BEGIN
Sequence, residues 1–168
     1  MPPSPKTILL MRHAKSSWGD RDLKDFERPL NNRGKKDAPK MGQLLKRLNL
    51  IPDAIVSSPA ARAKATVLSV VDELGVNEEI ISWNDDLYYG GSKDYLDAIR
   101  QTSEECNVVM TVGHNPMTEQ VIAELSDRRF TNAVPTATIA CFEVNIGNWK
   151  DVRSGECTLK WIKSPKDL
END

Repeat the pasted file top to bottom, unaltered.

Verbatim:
Sequence, residues 1–168
     1  MPPSPKTILL MRHAKSSWGD RDLKDFERPL NNRGKKDAPK MGQLLKRLNL
    51  IPDAIVSSPA ARAKATVLSV VDELGVNEEI ISWNDDLYYG GSKDYLDAIR
   101  QTSEECNVVM TVGHNPMTEQ VIAELSDRRF TNAVPTATIA CFEVNIGNWK
   151  DVRSGECTLK WIKSPKDL